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Tag Archives: medically unexplained symptoms
Panic Attacks and Panic Disorder – what is it and how can it be treated? Continue reading
[nihms] Manuscript #585187: Your manuscript is available in PMC Dear Maurice Preter, Manuscript NIHMS585187 (“Lifelong opioidergic vulnerability through early life separation: A recent extension of the false suffocation alarm theory of panic disorder”) has been loaded into PubMed Central (PMC) and made available for public access: http://www.ncbi.nlm.nih.gov/pmc/articles/PMC4195810 The submission process for this manuscript is now complete. We encourage you to make further manuscript submissions as they become eligible. As always, please feel free to contact the NIHMS Help Desk with any questions at http://www.nihms.nih.gov/db/sub.cgi?page=email. Thank you … Continue reading
Went to a fabulous lecture by Dr. Souhel Najjar on autoimmune encephalitis this morning. As a reminder, bad relationships (including with one’s self-image etc.) can also cause/contribute to inflammatory burden. Below is a well-informed and written piece on Anti-NMDA-receptor encephalitis (one of many), courtesy of Wikipedia. Last edited 11 days ago by an anonymous user Anti-NMDA receptor encephalitis Watch this page Anti-NMDA (N-methyl D-aspartate) receptor antibody encephalitis, also termed NMDA receptor antibody encephalitis, is an acute form of encephalitis which is potentially lethal but has high probability for … Continue reading
Association of Childhood Adversities and Early-Onset Mental Disorders With Adult-Onset Chronic Physical Conditions
Important paper on childhood adversities an adult-age chronic medical conditions, published just before our study on endogenous opioid dysregulation after early childhood adversity in psychiatrically and physically “healthy” adults. Archives of General Psychiatry August 2011, Vol 68, No. 8 > < Previous ArticleNext Article > Original Article | Aug 2011 Association of Childhood Adversities and Early-Onset Mental Disorders With Adult-Onset Chronic Physical Conditions Kate M. Scott, PhD; Michael Von Korff, ScD; Matthias C. Angermeyer, MD, PhD; Corina Benjet, PhD; Ronny Bruffaerts, PhD; Giovanni de Girolamo, MD; Josep Maria Haro, MD, MPH, … Continue reading
Maurice Preter MD and Donald F. Klein, MD, DSc: Lifelong opioidergic vulnerability through early life separation: A recent extension of the false suffocation alarm theory of panic disorder.
“[…W]e objectively, experimentally showed a physiological link between endogenous opioid system deficiency and panic-like suffocation sensitivity in healthy adults. This is consonant with the expanded Suffocation-False Alarm Theory of panic suggesting an episodic functional endogenous opioid deficit (Preter and Klein, 1998). The specificity of the naloxone + lactate model of clinical panic should be tested using specific anti-panic components, possibly including opioidergic mixed agonist-antagonists such as buprenorphine. If specific, the naloxone + lactate effect in normal humans affords a screening method for testing putative anti-panic drugs which is currently not available. This could obviate the experimental treatment of panic disorder patients in drug development.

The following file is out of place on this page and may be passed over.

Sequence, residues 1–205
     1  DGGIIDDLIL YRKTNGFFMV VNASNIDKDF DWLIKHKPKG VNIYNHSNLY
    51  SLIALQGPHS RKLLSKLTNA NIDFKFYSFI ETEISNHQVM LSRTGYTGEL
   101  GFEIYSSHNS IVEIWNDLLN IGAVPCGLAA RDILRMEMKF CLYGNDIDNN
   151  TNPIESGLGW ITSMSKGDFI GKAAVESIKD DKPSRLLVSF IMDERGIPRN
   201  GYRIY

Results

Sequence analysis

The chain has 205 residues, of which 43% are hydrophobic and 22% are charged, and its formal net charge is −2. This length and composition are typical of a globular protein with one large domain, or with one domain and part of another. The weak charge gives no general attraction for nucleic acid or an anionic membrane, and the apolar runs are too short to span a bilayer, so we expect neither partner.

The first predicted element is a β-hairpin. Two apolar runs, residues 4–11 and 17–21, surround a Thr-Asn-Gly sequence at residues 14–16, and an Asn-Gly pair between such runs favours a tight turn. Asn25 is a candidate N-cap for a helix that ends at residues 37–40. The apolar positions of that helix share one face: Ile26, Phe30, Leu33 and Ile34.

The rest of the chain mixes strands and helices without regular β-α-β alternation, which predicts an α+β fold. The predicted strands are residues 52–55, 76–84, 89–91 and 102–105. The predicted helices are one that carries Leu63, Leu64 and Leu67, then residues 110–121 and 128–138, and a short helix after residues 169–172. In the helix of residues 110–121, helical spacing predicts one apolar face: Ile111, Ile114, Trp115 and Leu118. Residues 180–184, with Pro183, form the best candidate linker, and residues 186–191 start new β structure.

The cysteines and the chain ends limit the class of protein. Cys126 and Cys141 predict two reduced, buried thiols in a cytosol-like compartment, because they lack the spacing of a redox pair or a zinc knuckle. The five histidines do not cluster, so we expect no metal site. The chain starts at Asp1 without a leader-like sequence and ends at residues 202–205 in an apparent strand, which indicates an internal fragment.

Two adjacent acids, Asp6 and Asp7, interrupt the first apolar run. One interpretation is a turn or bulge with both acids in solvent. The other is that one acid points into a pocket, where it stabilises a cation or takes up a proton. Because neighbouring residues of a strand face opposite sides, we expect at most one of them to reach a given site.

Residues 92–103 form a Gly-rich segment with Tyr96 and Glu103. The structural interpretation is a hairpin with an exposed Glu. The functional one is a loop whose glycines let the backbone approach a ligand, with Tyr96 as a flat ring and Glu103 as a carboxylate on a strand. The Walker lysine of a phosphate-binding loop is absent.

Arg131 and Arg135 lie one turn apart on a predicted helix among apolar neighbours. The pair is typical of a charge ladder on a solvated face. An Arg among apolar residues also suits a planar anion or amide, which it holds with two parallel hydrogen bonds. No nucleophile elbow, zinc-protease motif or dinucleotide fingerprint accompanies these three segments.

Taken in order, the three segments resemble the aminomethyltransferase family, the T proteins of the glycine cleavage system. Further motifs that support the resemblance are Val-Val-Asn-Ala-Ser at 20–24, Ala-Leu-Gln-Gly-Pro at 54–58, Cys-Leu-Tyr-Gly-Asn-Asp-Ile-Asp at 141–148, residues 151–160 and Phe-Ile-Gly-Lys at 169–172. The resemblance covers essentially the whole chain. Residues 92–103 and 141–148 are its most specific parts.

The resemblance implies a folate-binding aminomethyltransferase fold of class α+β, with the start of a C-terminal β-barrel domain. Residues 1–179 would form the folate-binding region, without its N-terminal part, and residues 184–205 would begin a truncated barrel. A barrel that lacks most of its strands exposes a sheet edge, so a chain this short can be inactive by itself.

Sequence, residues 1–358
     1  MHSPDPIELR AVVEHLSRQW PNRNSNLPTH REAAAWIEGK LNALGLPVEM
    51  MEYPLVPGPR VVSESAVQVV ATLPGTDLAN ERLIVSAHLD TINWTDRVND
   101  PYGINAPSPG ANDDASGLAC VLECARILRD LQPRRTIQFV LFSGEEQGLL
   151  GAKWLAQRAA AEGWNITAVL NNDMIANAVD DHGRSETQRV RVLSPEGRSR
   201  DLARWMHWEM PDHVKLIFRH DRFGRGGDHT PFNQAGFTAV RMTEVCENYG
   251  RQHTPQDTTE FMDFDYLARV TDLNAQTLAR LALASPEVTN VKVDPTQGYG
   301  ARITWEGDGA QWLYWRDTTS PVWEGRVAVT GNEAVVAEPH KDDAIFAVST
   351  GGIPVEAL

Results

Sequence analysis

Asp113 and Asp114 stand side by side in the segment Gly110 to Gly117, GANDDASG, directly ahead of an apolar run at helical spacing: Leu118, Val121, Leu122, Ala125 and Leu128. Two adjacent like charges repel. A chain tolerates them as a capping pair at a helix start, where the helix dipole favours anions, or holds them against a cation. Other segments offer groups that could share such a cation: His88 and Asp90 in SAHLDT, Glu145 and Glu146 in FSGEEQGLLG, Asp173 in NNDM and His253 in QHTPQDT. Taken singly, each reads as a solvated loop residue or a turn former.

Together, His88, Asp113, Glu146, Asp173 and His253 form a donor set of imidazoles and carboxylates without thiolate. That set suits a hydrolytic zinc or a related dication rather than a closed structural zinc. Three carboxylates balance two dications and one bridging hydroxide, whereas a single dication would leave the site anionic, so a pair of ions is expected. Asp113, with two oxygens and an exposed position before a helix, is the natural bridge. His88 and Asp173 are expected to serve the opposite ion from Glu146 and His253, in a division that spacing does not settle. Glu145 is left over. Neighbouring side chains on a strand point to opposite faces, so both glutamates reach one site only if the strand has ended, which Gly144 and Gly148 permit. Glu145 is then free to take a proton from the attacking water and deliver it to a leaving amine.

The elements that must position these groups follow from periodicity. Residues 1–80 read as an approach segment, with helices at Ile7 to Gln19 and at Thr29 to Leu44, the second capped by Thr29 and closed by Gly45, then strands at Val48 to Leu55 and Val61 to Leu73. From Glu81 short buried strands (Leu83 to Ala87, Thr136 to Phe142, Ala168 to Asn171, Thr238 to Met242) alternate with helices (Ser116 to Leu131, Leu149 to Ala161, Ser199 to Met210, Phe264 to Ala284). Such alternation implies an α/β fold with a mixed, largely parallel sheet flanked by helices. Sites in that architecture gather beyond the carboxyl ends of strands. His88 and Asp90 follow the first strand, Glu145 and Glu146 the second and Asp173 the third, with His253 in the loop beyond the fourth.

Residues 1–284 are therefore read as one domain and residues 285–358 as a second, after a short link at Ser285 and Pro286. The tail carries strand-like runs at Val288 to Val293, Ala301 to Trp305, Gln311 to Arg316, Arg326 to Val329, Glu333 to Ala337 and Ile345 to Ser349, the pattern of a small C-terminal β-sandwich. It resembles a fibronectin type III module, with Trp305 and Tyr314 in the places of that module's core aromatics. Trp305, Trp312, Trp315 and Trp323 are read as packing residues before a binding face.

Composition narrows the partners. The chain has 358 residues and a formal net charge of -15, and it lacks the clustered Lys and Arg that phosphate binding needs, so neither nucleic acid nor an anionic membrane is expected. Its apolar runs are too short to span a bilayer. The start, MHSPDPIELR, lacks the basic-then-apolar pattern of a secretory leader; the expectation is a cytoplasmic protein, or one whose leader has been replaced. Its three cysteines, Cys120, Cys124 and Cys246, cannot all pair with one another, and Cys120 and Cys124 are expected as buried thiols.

Our data also show for the first time that actual separations and losses during childhood, such parental death, parental separation or divorce (CPL), effect lifelong alterations in the physiological reactivity of the endogenous opioid system of healthy adults.
This result encourages epigenetic inquiry into the effects of CPL on endogenous opioid systems, and their role in resilience under extreme stress. In addition, a redefinition of what constitutes a (truly) healthy control in clinical research protocols may be called for.” Continue reading
Panic, Separation Anxiety, Suffocation False Alarms and Endogenous Opioids: Can panic research inform clinical neurology? October 9, 2013 Mount Sinai Hospital, Department of Neurology Grand Rounds
North Shore-Lenox Hill Hospital Neurology Grand Rounds on May 21, 2013 Topic: Panic, Separation Anxiety, Suffocation False Alarms and Endogenous Opioids: How panic research can inform clinical neurology.
I will be giving North Shore-Lenox Hill Hospital Neurology Grand Rounds on May 21, 2013 – all invited! Topic: Panic, Separation Anxiety, Suffocation False Alarms and Endogenous Opioids: How panic research can inform clinical neurology. Speaker: Maurice Preter, MD Date: 5/21/2013 Time: 8:30-9:30 AM Location: 2nd Floor Achelis Conference Room [PDF is here: North Shore flyer may 21] Learning Objectives: Upon completion of this session, participants should be able to: 1) Understand research on panic and separation anxiety 2) Be able to apply … Continue reading